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LETTER II.

St. Peter's, 24th Sept. 1789. My very dear Friend,

I embrace the first opportunity, after hearing of your safe arrival in London, to present my sincere congratulations to you on the marriage of your , and my best wishes for his and your happiness. How much of our comfort consists in seeing those we have an affection for happy! Perhaps too much so. It is often a snare to us : we sometimes feel embarrassed on their account, and this draws and alienates our affections from the Supreme Object of delight. We shall never find one more worthy of our love than He, who commands us to look unto him even in the midst of prosperity, as well as in adversity.

No doubt my dear friend feels that she needs as much the counsel of an almighty

Manager to guide her now, as she did in seasons of trial and distress.

Your present situation calls you to mix with the world much more than formerly; but I trust the inward frame of your mind is still a steady reliance on, and uninterrupted confidence in, the strength of Israel, who hath commanded us to come out from every unclean and polluted thing, and to be as much as possible separated from the garment spotted with the flesh.

I hope, my dear, you will still remember that you are a letter in my debt, and that you have a friend at St. Peter's impatient to hear from you. Till then,

I remain, my dear ,
Your truly affectionate friend,

M. B.

LETTER III.

Sept. 13, 1790.

. The receipt of a letter from my dear friend afforded me much pleasure. • Many thanks for her good wishes to me respecting my better part.. Surely it should be an abiding consolation to the christian, that in all his various changes and trials here, he may have a refuge in an immutable and merciful God. Had it not been for this strong hold, numbers must have sunk under the oppressive weight of adversity; who by this firm and unshaken confidence have been carried supe. rior to the most complicated scenes of trouble. Those who glitter in the path of prosperity are exposed to strong temptation; and many, who with divine support have smiled at the billows of adversity, have been deluded and suffered loss in the calm of prosperity. Thegreater then should be their thankfulness, who in the midst of these vicissitudes are still kept humble at the feet of Jesus, earnestly desiring to be taught those things which pertain to their immortal interests. I am persuaded the believer learns more of his own heart, and the insufficiency of all earthly enjoyments, at the Throne of grace, than any where else. Surely, while he is contemplating the excellencies of his precious Immanuel, the world with all its glittering baubles' must appear altogether worthless in his sight. Has not this been soine time or other our happy experience?:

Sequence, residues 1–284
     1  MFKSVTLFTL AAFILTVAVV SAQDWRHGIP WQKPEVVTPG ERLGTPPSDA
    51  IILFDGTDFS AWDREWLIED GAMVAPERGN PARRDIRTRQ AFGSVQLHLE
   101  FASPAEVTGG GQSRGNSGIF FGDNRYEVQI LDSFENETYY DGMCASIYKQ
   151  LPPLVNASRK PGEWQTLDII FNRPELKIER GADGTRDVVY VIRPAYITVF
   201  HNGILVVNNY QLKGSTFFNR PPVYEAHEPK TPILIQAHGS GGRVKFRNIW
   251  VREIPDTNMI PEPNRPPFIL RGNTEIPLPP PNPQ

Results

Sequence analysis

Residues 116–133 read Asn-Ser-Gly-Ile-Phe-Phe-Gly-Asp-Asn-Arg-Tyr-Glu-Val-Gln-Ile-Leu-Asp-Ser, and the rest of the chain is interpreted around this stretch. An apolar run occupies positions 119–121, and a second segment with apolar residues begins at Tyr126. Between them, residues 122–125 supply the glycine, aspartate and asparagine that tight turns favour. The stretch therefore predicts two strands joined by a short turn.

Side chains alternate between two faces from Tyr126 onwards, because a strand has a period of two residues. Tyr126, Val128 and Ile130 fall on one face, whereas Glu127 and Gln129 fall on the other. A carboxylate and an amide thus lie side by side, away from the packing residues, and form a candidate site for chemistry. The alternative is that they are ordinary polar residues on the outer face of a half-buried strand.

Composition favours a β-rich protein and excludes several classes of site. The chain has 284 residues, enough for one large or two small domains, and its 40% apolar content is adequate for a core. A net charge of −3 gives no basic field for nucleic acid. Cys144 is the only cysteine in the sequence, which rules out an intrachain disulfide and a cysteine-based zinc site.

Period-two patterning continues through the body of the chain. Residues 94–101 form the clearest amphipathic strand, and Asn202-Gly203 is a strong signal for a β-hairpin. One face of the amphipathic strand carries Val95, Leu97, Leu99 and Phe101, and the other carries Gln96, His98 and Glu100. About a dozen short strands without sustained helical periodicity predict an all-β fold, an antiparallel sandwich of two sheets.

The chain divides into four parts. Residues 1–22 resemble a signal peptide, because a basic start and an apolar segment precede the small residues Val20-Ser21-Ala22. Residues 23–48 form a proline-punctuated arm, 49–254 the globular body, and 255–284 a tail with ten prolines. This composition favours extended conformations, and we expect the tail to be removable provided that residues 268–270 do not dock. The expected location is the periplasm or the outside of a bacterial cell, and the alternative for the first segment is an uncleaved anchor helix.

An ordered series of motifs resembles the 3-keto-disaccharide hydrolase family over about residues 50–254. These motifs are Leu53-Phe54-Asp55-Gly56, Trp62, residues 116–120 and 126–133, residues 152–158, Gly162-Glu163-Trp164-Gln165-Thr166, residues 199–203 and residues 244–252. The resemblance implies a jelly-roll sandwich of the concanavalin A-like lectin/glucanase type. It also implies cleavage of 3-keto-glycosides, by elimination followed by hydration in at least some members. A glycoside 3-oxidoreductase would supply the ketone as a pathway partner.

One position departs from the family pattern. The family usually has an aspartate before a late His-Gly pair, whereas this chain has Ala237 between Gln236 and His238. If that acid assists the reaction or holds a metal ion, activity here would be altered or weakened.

You may be assured, that one of my first visits in M-- will be to you; but when that will take place I am not warranted to assert. Pray remember me to Miss —-. I sincerely condole with her on the melancholy death of her most valuable aunt; and earnestly wish it may be a sanctified affliction to every branch of the family, and that they may experience the truth of what Beza said,

when he heard of the decease of Calvin, I

have now a fresh motive to leave the earth, • and fix my affections on things above.' I shall now lay aside my pen, after intreating you to believe me as usual, Your affectionate and most sincere,

M. B.

LETTER IV.

St. Peter's, March 21, 1792.

My dear friend's much esteemed favour arrived about ten days after date.-Better late than never. I confess I had almost given up the pleasing expectation of hearing from you at all, as such a length of time had elapsed since your leaving M- ; but I must not say a word, as indisposition was your hindrance.

You say, you hope I go on my way rejoicing. Oh! my friend, many are the changes in experience and providence that I have

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